However, when an adult ostrich is threatened, it attacks with its clawed foot and can deliver a kick powerful enough to kill a lion. This, together with their speed, makes them formidable foes. For this reason many farmers keep ostriches to defend their properties from intruders.

Ostriches have long necks, prominent large eyes (the largest eyes of any land animal) and beautiful long eyelashes. Long necks and excellent vision help them see for great distances, allowing them to keep an eye out for predators.

As ostriches are unable to fly, their feathers are structurally different from those of flying birds, which have tiny hooks to lock them together during flight. Ostrich feathers are fluffy and this helps them regulate their temperature.

The wings are thus more for show than function; they carry the beautiful white feathers that contrast so effectively with the black body feathers of the male. During courtship, the male’s neck and legs become flushed with red, and he uses his dramatic colouring to attract the drab brown female. He sinks slowly to the ground and begins to wave and shake the feathers of first one wing and then the other while moving his tail up and down. He then gets up and moves toward the female, holding his wings out and stamping as he approaches her. By this time the female is mightily impressed, crouches down and allows the male to mate with her.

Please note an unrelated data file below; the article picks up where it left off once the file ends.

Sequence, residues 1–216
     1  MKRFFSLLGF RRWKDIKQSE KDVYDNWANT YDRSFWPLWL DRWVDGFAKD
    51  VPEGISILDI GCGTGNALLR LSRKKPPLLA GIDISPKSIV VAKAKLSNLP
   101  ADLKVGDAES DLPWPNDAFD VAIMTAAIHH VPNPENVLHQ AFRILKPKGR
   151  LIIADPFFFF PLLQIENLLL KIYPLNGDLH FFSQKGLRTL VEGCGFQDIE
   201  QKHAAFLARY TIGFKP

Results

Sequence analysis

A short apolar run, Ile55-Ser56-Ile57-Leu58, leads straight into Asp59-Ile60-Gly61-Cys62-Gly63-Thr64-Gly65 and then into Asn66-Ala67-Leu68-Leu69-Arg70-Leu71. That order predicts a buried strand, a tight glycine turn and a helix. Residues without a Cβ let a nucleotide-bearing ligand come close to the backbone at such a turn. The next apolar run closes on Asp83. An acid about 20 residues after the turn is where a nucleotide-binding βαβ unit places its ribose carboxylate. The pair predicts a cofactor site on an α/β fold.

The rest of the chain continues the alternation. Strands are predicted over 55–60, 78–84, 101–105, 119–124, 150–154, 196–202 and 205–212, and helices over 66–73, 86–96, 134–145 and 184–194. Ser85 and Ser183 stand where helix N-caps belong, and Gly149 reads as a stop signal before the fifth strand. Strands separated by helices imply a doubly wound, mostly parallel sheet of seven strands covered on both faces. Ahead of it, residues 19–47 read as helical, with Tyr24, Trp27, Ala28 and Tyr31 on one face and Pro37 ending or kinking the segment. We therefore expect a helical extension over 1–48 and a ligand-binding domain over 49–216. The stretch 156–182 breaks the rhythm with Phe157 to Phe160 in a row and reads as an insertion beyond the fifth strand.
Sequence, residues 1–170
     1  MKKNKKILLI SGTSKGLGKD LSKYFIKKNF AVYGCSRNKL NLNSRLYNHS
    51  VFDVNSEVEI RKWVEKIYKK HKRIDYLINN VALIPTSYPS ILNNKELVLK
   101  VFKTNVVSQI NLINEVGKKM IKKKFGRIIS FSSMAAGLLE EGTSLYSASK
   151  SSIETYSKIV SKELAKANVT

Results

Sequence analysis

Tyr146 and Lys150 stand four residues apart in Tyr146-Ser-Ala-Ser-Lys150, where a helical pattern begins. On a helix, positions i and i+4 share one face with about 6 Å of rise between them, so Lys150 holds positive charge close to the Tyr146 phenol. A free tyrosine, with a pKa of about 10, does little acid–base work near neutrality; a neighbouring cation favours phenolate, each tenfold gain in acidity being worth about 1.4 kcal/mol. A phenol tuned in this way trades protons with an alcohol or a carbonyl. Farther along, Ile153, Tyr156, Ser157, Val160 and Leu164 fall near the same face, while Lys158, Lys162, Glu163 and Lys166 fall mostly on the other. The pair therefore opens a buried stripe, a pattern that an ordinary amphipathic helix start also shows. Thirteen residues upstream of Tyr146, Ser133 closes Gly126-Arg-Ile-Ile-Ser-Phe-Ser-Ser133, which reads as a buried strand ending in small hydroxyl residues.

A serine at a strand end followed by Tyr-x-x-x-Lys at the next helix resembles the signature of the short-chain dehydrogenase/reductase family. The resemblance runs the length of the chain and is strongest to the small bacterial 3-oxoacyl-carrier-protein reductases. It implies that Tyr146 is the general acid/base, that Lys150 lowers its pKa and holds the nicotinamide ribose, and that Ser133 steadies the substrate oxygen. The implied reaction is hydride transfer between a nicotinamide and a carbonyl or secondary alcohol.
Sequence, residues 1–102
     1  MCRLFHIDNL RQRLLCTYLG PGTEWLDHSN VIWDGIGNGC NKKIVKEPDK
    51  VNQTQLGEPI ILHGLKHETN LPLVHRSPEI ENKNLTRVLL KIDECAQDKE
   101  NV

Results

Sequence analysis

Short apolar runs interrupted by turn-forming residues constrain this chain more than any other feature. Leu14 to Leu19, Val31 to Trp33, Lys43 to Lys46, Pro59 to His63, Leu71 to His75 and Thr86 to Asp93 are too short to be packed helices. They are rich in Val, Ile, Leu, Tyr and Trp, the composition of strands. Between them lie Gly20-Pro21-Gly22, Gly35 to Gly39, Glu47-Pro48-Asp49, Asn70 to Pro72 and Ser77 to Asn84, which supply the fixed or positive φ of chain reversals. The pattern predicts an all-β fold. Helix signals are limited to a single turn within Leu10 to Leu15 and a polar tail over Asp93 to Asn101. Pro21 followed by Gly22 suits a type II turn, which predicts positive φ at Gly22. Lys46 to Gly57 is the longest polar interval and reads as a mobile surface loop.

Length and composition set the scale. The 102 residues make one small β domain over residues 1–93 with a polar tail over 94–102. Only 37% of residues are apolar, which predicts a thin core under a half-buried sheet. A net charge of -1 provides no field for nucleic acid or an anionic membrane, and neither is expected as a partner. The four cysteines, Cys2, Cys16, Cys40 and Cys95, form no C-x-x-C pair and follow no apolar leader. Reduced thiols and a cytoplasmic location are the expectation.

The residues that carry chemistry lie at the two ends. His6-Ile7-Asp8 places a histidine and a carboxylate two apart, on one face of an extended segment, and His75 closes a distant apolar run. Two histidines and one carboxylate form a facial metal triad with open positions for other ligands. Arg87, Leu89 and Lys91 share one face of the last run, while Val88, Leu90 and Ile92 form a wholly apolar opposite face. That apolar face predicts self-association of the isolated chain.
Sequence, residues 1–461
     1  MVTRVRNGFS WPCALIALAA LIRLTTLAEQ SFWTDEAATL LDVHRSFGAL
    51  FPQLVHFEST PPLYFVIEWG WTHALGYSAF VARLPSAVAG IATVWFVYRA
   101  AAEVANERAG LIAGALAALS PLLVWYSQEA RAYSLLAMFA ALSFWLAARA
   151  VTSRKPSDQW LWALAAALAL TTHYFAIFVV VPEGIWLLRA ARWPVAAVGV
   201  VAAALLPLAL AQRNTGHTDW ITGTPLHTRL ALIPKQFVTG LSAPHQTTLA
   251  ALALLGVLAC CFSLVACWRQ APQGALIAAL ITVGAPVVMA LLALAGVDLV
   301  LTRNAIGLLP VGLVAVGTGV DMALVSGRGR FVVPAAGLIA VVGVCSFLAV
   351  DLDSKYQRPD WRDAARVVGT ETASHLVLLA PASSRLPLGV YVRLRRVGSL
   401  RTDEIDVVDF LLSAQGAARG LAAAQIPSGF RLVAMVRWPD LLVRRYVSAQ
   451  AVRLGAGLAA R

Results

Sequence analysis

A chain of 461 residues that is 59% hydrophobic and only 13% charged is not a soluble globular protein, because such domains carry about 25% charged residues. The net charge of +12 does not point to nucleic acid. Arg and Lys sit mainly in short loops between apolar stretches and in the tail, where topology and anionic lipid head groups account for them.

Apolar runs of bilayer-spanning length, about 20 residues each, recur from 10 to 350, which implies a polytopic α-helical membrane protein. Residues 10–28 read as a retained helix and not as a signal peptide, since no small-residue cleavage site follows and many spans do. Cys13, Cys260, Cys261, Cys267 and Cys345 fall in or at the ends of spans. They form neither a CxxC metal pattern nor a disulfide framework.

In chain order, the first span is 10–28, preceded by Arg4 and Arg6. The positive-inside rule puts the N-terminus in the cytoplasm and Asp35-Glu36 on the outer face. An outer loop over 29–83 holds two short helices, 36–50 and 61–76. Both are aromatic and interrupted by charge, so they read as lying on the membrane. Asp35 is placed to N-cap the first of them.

Ostrich society is fascinating. The males each occupy and defend a territory – the so-called territorial male. There is also a dominant female, called the “alpha” or “main hen”. The dominant pair share the tasks of incubating the eggs and caring for the chicks. The nest is little more than a shallow depression scratched in the sand by the male.